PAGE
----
With some exceptions, the 1983 Penal Code of Sudan, containing hudud provisions, was applied to both Muslims and non-Muslims, including those living in the south, now an independent country.
Among the many weaknesses of the hudud legislation in Sudan were the extensive powers given to courts to punish people at their discretion based apparently on the Islamic penal law principle of ta’zir (discretionary punishment intended to deter) even if a given act was not identified as a crime in the Penal Code.
Another striking feature of the hudud legislation of 1983 was the lowering of the standards of evidence for proving hadd crimes (Evidence Act of 1983). For example, if the required witnesses of upright character (‘adl) that could testify from direct observation for convicting an accused of a hadd crime were not available, the court could use the testimony of other witnesses at its discretion.
As a result, a person could be convicted of a hadd offence on the basis of evidence of a lower standard than that specified in the authoritative text. This increased the possibility that innocent persons would be convicted of crimes they did not commit. This increased the likelihood of a miscarriage of justice, thus defeating a leading objective (maqsad) of syariah, which is to administer justice.
Moreover, Article 458.3 specifies that if a defendant cannot be punished with a hadd punishment on grounds of ambiguity (shubha), the court may still punish the accused in any way it sees fit. Punishment in these cases was typically of a ta’zir or discretionary nature. It commonly took the form of flogging.
The 1983 Evidence Act also admitted circumstantial evidence. Possession of stolen goods would be considered proof of theft (Article 320). Pregnancy of an unmarried woman would be considered proof of illicit sex (Articles 77-78, Evidence Act).
The first ruling appears to have disregarded the possibility that stolen goods could be planted in the house of the accused. The second ruling appears to disregard the possibility that the accused may have been raped.
Additional acts were identified as crimes and made punishable. One example of a new crime is “attempted illegal sexual intercourse”. Such a “crime” is not identified in the sources of Islamic law. Even more striking is the evidence required to convict someone of this “crime”.
It is enough to convict a person of “attempted illicit sexual intercourse” if the accused is merely seen together in public with a person who is neither his wife nor a close relative.
According to Article 3 of the 1983 Judgments (Basic Rules) Act, in cases where crimes are not identified in the Penal Code, the courts are obliged to apply the syariah. A different law made the propagation of a new interpretation of Islam tantamount to apostasy. It was on the basis of these laws that Mahmoud Mohammed Taha was convicted of apostasy in 1985 and executed.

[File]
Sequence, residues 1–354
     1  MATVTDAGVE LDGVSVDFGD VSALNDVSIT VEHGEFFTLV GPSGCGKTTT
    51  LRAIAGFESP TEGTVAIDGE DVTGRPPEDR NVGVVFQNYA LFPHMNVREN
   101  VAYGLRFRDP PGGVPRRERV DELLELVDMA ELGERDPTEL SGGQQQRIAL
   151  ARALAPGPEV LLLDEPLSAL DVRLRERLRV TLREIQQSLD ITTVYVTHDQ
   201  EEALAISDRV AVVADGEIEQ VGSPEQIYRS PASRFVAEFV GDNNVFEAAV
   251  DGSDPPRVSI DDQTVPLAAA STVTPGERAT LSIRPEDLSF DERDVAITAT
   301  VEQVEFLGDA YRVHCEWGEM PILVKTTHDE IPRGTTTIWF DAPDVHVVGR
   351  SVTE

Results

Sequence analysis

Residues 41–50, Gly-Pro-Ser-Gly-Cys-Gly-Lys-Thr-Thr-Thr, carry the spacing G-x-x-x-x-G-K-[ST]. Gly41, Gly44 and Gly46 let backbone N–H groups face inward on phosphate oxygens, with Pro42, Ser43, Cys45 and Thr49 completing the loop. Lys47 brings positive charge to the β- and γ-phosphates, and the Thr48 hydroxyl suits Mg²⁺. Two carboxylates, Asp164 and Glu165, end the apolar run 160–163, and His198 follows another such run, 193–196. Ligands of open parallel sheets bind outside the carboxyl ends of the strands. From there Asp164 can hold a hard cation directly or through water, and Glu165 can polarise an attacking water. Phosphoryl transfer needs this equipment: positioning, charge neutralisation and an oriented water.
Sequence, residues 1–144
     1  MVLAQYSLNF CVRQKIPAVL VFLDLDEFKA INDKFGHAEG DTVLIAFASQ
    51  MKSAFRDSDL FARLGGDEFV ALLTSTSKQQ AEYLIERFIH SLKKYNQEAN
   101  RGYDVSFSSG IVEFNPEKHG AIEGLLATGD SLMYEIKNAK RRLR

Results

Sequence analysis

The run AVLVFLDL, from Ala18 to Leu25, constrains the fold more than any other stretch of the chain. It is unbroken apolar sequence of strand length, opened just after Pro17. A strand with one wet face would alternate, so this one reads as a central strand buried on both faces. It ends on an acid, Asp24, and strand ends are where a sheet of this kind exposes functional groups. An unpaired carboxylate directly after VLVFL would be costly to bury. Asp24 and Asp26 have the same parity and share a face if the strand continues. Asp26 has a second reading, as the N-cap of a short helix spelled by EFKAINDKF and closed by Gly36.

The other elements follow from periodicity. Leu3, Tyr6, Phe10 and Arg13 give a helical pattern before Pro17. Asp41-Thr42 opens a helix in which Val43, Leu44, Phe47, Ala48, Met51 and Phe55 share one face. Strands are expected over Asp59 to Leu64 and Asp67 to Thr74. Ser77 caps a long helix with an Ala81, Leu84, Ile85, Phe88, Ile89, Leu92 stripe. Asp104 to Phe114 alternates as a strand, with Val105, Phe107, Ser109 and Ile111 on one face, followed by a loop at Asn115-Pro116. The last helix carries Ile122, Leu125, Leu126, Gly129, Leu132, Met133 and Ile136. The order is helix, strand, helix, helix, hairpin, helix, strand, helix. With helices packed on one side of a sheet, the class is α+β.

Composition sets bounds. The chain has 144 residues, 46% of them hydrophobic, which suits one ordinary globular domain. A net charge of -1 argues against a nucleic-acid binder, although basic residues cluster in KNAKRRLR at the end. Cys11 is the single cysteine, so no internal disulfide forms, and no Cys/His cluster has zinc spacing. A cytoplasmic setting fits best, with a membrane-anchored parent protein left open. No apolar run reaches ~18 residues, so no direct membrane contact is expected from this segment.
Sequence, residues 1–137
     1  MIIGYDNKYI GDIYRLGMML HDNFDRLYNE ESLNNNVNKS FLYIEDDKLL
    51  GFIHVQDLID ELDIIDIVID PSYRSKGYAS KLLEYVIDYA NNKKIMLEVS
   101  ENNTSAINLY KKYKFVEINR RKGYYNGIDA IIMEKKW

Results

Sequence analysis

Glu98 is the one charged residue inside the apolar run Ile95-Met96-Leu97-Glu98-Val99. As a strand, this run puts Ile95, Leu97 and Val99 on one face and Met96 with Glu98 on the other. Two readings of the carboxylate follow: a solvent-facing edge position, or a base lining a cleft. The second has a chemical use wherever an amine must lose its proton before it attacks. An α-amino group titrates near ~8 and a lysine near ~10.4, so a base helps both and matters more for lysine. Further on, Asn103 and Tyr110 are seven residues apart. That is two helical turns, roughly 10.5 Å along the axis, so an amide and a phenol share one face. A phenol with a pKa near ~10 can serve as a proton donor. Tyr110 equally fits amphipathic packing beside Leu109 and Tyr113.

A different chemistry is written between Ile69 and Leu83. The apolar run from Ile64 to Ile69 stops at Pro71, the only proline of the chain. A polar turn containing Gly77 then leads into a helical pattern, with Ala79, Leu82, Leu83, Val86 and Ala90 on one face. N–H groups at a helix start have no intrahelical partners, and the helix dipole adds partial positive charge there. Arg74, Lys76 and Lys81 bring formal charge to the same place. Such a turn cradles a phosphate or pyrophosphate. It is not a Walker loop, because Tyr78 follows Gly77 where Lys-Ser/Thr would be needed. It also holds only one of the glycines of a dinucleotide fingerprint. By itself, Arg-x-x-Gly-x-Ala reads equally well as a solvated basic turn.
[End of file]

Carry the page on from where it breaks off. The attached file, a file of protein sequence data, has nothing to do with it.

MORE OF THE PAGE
The following year, the Law Concerning the Bases of Judicial Sentences was amended to ensure that the propagation of a new interpretation of Islam would not be equated with apostasy. Later in the same year, the Sudanese Constitutional Court declared Mahmoud’s death sentence unconstitutional. Unfortunately, the death sentence had already been carried out.
Because of the many weaknesses of the hudud ordinance of 1983, the new Sudanese Penal Code was passed in 1991. This Code is more in line with classical fiqh than its predecessor. However, the 1983 Judgment (Basic Rules) Act is still effective, which means that the courts can still convict people of offences not identified in the Penal Code but punishable under the Syariah. Death sentences by stoning continue to be passed to this day, although they are typically commuted.
It is clear that the implementation of hudud in Sudan took place in a haphazard manner. A series of departures from the text significantly increased the possibility of frustrating the primary objective (maqsad) of the syariah, which is to ensure justice. Nowhere was this more evident than in the treatment of Mahmoud.
It is to be hoped that this debacle will not be repeated, anywhere in the Muslim world. The implementation of hudud in Sudan followed a distinctly punitive, unforgiving path, lacking in the Quranic qualities of mercy and forgiveness. As such, Sudan does not offer a good role model for other Muslim nations to follow.
What is required is a balanced approach, one characterised by moderation (wasatiyyah), a central Quranic concept. While Sudan is different from Malaysia in many ways, it is to be hoped that the experience of Sudan will not be repeated here.